Chemical modification of the surface of wool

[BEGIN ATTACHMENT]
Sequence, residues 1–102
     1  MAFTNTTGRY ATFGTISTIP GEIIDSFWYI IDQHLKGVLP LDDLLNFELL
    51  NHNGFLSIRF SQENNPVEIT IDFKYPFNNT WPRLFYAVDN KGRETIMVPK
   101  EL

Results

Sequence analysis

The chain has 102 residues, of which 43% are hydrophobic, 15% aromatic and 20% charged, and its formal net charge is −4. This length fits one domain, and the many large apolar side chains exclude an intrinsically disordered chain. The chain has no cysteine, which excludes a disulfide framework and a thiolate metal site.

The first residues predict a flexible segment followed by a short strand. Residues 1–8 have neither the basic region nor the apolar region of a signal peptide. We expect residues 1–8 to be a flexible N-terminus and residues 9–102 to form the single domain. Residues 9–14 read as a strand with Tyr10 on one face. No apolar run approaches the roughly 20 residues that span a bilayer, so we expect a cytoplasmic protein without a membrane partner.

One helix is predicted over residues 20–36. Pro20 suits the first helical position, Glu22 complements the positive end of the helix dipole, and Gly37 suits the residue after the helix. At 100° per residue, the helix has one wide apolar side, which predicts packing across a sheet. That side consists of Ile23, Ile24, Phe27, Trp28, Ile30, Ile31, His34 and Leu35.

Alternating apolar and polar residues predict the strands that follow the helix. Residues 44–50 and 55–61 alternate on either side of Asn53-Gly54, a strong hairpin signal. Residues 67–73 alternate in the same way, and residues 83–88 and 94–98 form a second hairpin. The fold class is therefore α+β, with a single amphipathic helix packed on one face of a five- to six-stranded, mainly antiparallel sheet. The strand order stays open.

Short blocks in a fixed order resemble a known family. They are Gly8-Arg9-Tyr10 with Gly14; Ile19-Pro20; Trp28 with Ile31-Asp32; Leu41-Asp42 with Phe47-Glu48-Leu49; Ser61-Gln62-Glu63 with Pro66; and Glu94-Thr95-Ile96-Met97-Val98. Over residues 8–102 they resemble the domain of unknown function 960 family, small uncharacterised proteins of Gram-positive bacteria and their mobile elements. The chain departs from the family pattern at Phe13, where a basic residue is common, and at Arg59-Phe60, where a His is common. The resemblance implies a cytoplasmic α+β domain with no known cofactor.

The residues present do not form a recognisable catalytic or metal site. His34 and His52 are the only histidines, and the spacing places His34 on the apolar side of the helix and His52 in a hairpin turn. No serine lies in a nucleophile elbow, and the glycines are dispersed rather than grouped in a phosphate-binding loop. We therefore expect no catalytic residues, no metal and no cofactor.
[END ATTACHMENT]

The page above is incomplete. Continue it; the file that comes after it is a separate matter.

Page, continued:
The reactions of hypophosphorous acid ( H3P02 ) and phosphorous acid ( H3P03 ) with disuiphide compounds, particularly those of the cystine residues in wool, are investigated. The observed differences between the reactions of both acids are highlighted. Some of the products of the reaction of H3P02 and wool cystine are identified. These include the gases hydrogen suiphide H2S ) and sulphur dioxide ( S02 ) and the reduced form of cystine, the thiol cysteine. Quantification of the amounts of these products formed under given reaction conditions, is achieved by use of H2S and 502 sensitive meters, and a colorimetric reaction of 2- vinylpyridine with cysteine. The dyeing properties of wool pretreated with both phosphorus acids alone and a mixture of formaldehyde and both acids are investigated. The H3P02/formaldehyde mixture displays different dyeing properties to the other pretreatments. A series of novel aromatic and aliphatic aminoanthryl phosphonous acids are synthesised and their use as fluorescent whitening agents determined. The solution photolysis of some of the compounds of the series is also studied. Different compounds, namely two commercially available polysuiphides, acetic anhydride, diethylpyrocarbonate, isocyanates and their water soluble bisuiphite adducts, acid and acid/formaldehyde solutions are applied to the surface of wool. The effects of these compounds on therate and extent of photoyellowing of wool and on the fluorescence emission and excitation spectra of wool are noted. Acetic anhydride has the most profound effect on both properties. The possible identity of the compound(s) that contribute to the fluorescence emission spectrum of wool at 450 nm are investigated. A series of alLiphatic and aromatic pyruvamides are synthesised and their solution fluorescence emission maxima compared to that of wool. Finally, the reaction between cysteine and o-phthalaldehyde in the presence of excess primary amine is investigated. An unstable highly fluorescent species may be produced, which though unidentified is most probably an isoindole. Highly coloured products of side reactions also result. The production of the fluorescent species on the surface of wool is undertaken using tributyiphosphine and H3P02 reduced wool as the thiol function in the reaction.